Daniel Whitmire, a retired astrophysicist who teaches mathematics at the University of Arkansas, once thought the cosmic silence indicated we as a species lagged far behind.
“I taught astronomy for 37 years,” said Whitmire. “I used to tell my students that by statistics, we have to be the dumbest guys in the galaxy. After all we have only been technological for about 100 years while other civilizations could be more technologically advanced than us by millions or billions of years.”
Recently, however, he’s changed his mind. By applying a statistical concept called the principle of mediocrity — the idea that in the absence of any evidence to the contrary we should consider ourselves typical, rather than atypical — Whitmire has concluded that instead of lagging behind, our species may be average. That’s not good news.
In a paper published Aug. 3 in the International Journal of Astrobiology, Whitmire argues that if we are typical, it follows that species such as ours go extinct soon after attaining technological knowledge. (The paper is also available on Whitmire’s website.) Paper. (public access) – Daniel P. Whitmire. Implication of our technological species being first and early. International Journal of Astrobiology, 2017; 1 DOI: 10.1017/S1473550417000271 More.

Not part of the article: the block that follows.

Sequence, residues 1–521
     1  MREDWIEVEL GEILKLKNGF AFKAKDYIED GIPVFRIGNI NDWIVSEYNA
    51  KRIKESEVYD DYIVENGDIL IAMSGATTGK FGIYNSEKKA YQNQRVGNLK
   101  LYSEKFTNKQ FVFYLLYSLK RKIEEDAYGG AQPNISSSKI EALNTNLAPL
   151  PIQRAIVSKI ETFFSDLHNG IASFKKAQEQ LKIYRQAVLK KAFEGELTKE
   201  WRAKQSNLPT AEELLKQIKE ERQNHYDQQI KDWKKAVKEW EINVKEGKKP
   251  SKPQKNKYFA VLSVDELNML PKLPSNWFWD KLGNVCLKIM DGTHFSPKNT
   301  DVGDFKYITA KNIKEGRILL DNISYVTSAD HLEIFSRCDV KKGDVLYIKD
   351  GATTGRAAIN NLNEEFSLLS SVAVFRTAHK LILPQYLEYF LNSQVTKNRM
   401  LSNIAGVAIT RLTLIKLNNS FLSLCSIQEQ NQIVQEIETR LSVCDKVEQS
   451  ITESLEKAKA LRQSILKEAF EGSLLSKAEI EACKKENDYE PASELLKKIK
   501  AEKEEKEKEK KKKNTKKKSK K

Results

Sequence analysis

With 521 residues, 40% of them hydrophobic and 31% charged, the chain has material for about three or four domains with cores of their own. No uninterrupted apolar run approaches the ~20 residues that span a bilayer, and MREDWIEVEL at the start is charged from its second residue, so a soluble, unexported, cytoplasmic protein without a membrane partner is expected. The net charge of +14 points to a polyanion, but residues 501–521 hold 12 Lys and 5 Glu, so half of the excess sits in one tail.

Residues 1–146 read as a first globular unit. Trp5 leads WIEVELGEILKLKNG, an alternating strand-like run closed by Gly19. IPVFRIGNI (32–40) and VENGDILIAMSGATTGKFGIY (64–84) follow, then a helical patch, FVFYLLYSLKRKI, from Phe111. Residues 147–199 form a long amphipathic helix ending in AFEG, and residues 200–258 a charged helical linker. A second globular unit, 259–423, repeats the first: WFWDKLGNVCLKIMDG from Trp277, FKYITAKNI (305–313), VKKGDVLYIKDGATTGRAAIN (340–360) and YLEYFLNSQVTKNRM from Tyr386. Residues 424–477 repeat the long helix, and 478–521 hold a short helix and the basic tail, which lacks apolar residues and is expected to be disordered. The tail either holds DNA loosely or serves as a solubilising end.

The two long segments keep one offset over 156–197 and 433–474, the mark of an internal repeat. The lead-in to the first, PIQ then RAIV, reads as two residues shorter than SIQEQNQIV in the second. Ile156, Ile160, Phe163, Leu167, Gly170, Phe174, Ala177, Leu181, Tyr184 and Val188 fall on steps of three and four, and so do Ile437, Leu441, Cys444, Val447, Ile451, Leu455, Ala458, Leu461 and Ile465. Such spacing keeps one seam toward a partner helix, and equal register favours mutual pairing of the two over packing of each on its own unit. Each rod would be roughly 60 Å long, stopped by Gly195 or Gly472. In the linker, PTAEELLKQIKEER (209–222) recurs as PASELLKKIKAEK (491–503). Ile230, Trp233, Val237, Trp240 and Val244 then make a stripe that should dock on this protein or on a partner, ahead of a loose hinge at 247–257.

From the Abstract:
According to the Principle of Mediocrity, a cornerstone of modern cosmology, in the absence of any evidence to the contrary, we should believe that we are a typical member of an appropriately chosen reference class. If we assume that this principle applies to the reference class of all extant technological species, then it follows that other technological species will, like us, typically find that they are both the first such species to evolve on their planet and also that they are early in their potential technological evolution. Here we argue that this suggests that the typical technological species becomes extinct soon after attaining a modern technology and that this event results in the extinction of the planet’s global biosphere.
This is an old idea and there is a certain tragic beauty to it—if we were staging a big utterdoom theatre production like the Ring Cycle.
But the current situation is just as consistent with the intelligent aliens never having existed, for whatever reason.
Maybe the Principle of Mediocrity is itself bunk. Sheer numbers might not matter if extremely complex and unusual conditions are required. And we discover more complexity here on Earth every day.
On what law of physics is it founded?
See also: But surely we can’t conjure an entire advanced civilization?
How do we grapple with the idea that ET might not be out there?
Not only is earth one nice planet among many, but our entire universe is lost in a crowd